"I thought it was a joke, quite frankly," Assemblyman Miguel Santiago said.
When Santiago realized Musk really was going ahead with it, Santiago wrote a bill attempting to limit the company's sales.
"We found out that anybody can market a flamethrower so long as it's less than 10 feet, no matter how wide the flame is, and there's absolutely no regulation for it. We can just go ahead and do this and that's what alarmed us," he said.
But the gun lobby, among other groups, objected to the bill even though flamethrowers - despite the name - are not firearms. The bill was soon watered down, requiring only safety labels. But even then the bill ended up shelved.
"Our bill right now is in the appropriations committee in the suspends file," he said.
When Musk debuted what his company called "not a" flamethrower, he wrote a tongue-in-cheek Instagram post.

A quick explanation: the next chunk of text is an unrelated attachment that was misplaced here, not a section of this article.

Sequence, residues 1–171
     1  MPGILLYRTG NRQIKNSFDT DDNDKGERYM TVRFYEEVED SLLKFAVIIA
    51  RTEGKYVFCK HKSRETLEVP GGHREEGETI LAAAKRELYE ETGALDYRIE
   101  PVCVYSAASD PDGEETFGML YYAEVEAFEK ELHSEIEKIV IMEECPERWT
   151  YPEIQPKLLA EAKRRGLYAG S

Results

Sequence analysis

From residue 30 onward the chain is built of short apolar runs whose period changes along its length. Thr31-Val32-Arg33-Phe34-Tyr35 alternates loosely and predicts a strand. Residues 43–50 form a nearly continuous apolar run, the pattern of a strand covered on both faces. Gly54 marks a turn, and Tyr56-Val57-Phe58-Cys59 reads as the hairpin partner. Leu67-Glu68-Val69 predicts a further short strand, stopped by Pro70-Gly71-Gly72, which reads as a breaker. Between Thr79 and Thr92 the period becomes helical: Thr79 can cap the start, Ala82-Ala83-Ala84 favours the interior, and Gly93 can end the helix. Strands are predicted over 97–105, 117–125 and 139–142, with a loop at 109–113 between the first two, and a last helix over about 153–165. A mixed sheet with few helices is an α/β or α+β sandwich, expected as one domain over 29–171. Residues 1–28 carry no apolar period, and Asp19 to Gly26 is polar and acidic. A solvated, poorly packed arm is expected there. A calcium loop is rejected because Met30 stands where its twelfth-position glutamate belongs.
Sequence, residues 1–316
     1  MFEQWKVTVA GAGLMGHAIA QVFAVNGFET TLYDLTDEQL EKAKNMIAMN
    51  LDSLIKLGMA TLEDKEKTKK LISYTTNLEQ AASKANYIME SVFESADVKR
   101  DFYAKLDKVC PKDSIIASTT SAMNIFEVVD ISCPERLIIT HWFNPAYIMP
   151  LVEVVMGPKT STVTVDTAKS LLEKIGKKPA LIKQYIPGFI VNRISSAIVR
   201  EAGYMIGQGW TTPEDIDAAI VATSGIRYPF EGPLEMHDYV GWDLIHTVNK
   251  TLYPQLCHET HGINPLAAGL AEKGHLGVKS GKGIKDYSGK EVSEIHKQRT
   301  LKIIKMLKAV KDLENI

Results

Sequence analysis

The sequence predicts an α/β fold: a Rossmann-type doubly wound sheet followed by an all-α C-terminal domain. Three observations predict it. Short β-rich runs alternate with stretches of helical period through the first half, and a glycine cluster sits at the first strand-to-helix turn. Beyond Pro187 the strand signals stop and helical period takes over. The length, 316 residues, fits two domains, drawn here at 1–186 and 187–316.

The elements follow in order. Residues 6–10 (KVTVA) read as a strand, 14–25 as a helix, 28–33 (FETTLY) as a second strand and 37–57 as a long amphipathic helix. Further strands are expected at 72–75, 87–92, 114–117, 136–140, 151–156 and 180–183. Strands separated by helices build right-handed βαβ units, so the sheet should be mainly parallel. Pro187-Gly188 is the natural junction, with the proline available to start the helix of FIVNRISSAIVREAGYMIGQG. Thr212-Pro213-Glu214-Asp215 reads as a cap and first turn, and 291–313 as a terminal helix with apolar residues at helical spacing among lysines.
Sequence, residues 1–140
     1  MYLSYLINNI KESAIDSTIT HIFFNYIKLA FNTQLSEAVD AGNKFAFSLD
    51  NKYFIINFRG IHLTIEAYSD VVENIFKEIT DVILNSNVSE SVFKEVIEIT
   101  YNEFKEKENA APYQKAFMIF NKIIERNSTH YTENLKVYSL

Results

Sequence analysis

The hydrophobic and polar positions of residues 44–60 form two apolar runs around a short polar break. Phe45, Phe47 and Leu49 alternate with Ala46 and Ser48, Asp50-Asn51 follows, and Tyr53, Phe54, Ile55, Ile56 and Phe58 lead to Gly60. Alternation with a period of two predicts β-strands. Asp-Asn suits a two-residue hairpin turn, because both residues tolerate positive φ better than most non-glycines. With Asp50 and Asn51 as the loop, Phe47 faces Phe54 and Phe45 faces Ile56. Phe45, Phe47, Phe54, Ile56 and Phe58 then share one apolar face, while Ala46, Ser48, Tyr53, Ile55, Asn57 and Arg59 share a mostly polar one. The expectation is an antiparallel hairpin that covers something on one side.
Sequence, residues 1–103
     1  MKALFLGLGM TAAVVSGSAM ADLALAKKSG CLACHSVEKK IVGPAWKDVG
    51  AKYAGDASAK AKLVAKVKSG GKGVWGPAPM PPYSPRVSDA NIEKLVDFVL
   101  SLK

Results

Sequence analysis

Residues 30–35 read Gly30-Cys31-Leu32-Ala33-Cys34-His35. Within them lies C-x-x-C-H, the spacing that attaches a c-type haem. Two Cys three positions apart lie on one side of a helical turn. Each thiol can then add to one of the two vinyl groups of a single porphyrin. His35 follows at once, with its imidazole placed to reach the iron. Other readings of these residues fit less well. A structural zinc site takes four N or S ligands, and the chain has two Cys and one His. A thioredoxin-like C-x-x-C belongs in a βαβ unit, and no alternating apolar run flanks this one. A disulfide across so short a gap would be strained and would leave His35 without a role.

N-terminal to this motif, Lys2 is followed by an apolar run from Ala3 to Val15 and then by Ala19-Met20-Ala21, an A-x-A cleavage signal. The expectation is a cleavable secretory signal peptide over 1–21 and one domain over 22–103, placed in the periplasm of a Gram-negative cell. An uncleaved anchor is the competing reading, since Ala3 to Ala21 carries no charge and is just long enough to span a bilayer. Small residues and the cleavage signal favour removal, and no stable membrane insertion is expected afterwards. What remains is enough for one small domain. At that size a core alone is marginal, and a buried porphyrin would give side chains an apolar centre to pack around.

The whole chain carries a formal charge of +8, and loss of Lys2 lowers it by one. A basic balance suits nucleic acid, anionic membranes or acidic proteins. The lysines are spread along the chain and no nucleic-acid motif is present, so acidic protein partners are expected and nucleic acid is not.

While police and firefighters supported Santiago's bill, he now just wants to make sure people don't get hurt or start the next big wildfire.
"In a perfect world, I don't see any reason why anybody needs something like this out of a legitimate commercial use," Santiago said.
There is nothing regulating the sale of the flamethrowers and since the bill has been held up, there will be no safety warnings on it.
The Boring Company will be holding a pickup party in Los Angeles on June 9.